3 Practical Challenges for Employers Created by Legalized Marijuana

When Massachusetts voters legalized the use of marijuana for medicinal purposes four years ago, the impact on most employers was limited to clarifying that “legal” marijuana use was still generally prohibited in the workplace. Now, Massachusetts has legalized limited use of recreational marijuana. Although the recreational marijuana use law also provides that employers may prohibit employees from reporting to work or performing work under the influence of marijuana, the new law is raising practical challenges for employers. Here are three ways that employers may consider changing what they have been doing:

1. Pre-employment Drug Testing

Many employers require job candidates to successfully pass a drug test as a condition to receiving a job offer. Prior to the legalization of marijuana, a positive test for marijuana use by a job candidate was an indication of illegal drug use and clear grounds for rescinding an offer of employment. Since legalization of medical and recreational use, from a legal standpoint, rescinding a job offer based on testing positive for marijuana use is still generally permitted. From a practical standpoint, however, the rationale that marijuana use is illegal no longer exists and brings into question the rationale for drug testing for marijuana at all.

For example, a job candidate may be prepared to have a clean drug test, but just after taking the drug test could engage in recreational marijuana use, thus defeating the purpose of the employer’s knowing whether the candidate uses marijuana. Also, if the drug test is positive for marijuana use, employers may still be required to assess whether the marijuana use is supported by a medical prescription and, thus, requires the employer to engage in an interactive process to determine whether or not continued medical marijuana use is a reasonable accommodation that must be provided to the candidate. Employers may want to reconsider what their goal is for pre-employment drug testing for marijuana and whether it makes sense in light of its legalization.

2. Identifying Marijuana Use at Work

The laws legalizing medical and recreational marijuana use in Massachusetts allows employers to prohibit the use of marijuana at the workplace. But, detecting its use may be challenging. With the advent of “vaping”, where the smell of marijuana can be easily masked, it may not be clear at all whether an employee is under the influence of marijuana at work. Employers can drug test, but as is the case with pre-employment drug testing, the drug test may not accurately indicate whether the employee is currently impaired by marijuana use that occurred after work hours.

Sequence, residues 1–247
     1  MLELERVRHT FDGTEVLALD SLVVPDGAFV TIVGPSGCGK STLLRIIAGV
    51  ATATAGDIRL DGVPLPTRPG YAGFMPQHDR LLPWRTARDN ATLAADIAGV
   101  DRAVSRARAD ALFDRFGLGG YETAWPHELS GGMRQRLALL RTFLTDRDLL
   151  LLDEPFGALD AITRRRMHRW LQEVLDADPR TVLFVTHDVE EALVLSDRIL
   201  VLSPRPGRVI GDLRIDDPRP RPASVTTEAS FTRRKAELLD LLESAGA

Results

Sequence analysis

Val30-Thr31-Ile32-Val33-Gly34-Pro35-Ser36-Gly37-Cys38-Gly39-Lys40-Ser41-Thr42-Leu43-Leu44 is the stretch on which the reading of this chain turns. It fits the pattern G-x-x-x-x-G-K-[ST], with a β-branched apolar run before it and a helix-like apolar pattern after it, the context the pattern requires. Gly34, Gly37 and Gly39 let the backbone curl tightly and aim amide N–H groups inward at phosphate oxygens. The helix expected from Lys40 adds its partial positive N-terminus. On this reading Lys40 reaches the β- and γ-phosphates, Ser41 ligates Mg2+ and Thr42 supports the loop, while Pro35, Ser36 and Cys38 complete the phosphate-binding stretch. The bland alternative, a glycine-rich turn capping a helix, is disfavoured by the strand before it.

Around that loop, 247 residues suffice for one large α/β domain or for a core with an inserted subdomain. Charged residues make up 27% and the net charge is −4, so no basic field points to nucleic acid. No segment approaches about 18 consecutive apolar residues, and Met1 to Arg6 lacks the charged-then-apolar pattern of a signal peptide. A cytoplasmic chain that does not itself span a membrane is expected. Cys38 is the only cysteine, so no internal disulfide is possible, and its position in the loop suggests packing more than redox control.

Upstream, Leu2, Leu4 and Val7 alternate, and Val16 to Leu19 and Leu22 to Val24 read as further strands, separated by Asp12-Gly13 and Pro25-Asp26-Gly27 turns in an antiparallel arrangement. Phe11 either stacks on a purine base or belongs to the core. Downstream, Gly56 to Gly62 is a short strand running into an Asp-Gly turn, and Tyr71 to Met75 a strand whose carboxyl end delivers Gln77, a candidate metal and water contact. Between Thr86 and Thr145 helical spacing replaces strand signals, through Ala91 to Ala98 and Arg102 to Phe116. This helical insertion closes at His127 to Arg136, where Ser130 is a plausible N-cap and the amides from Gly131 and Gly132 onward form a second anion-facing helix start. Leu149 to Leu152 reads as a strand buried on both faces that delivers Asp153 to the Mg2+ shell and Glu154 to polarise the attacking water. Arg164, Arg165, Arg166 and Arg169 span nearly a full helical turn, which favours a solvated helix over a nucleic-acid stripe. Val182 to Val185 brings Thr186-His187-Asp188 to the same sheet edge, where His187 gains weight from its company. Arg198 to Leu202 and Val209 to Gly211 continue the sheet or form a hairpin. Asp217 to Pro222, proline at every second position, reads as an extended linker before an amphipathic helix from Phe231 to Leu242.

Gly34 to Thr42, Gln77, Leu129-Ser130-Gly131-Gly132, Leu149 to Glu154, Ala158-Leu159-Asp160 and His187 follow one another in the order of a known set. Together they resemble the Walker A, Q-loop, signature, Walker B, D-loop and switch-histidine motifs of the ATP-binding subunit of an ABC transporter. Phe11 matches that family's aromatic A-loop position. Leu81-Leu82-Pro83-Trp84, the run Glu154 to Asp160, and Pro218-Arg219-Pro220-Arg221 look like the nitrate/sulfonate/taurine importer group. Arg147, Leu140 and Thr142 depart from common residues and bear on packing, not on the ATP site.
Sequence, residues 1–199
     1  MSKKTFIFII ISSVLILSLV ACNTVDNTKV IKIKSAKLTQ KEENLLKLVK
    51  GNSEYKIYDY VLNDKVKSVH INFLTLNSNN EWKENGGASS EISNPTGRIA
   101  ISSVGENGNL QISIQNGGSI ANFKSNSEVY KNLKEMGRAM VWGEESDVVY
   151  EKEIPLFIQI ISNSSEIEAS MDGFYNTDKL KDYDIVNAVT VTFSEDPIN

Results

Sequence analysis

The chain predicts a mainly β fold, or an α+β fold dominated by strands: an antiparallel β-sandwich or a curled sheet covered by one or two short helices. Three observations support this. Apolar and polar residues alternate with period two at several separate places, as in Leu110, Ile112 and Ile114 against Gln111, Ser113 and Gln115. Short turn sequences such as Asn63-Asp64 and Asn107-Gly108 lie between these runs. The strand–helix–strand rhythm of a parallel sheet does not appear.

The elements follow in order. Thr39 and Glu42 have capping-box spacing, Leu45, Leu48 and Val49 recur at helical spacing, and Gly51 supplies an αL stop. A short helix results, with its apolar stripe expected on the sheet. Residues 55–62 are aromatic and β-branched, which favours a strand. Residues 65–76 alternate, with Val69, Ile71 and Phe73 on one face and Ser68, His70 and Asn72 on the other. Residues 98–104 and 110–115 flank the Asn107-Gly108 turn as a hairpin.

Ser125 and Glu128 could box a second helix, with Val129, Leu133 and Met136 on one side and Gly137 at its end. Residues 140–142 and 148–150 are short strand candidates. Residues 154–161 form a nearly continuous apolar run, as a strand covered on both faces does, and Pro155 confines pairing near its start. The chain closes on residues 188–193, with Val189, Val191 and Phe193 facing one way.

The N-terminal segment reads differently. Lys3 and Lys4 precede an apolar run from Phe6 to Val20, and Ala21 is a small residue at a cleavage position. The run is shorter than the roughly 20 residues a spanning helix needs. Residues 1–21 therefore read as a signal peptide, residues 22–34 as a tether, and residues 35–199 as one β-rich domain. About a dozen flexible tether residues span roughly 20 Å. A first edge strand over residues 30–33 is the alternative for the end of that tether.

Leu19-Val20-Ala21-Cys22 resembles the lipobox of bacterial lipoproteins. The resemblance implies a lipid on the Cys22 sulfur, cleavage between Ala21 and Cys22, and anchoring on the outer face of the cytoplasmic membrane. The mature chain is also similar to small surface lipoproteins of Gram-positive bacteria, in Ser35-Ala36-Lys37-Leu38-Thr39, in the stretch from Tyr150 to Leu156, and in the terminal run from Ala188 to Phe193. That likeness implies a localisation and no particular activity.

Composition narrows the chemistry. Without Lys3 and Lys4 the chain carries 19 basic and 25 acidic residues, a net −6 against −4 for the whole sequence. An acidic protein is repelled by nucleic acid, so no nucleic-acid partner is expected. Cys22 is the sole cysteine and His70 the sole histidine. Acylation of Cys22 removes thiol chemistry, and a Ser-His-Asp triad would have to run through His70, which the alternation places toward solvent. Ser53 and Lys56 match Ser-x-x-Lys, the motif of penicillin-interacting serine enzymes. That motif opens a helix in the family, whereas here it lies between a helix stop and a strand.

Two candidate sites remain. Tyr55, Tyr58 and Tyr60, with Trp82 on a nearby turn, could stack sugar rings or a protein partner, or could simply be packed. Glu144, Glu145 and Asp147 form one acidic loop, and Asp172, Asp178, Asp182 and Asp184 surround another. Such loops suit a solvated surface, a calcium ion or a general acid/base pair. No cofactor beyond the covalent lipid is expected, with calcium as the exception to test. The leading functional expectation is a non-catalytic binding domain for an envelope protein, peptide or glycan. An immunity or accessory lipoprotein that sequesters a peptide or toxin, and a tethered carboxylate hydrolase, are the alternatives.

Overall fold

Due to the limited value of drug testing in most cases, employers may consider drug-testing only where there is a reasonable basis to believe someone is impaired by the marijuana (or some other drug) or is a threat to the safety of the employee or others. Employers may also wish to consider training managers on identifying signs of being under the influence of marijuana or other drugs that may negatively impact employee performance or safety.

3. Prohibiting Marijuana Use as a Policy

Although the employers may prohibit employees from using or being under the influence of marijuana while at work, employers may consider what, if any, impact such a prohibition creates on the availability of workers for certain positions. If the job duties are not impacted by moderate marijuana usage, then an employer may find that the pipeline for candidates for the positions may decrease if an employer maintains a hard and fast rule about absolutely no marijuana use. As a result, employers may wish to consider whether banning marijuana use completely, or at least engaging in pre-employment drug testing for marijuana, is or will negatively impact their pool of talented and otherwise qualified candidates.

Although the workplace laws have not changed much with the legalization of marijuana, employers should reconsider the practical implications for their businesses and on their workforce, and consider changes to workplace practices and policies to adapt to the changing environment.

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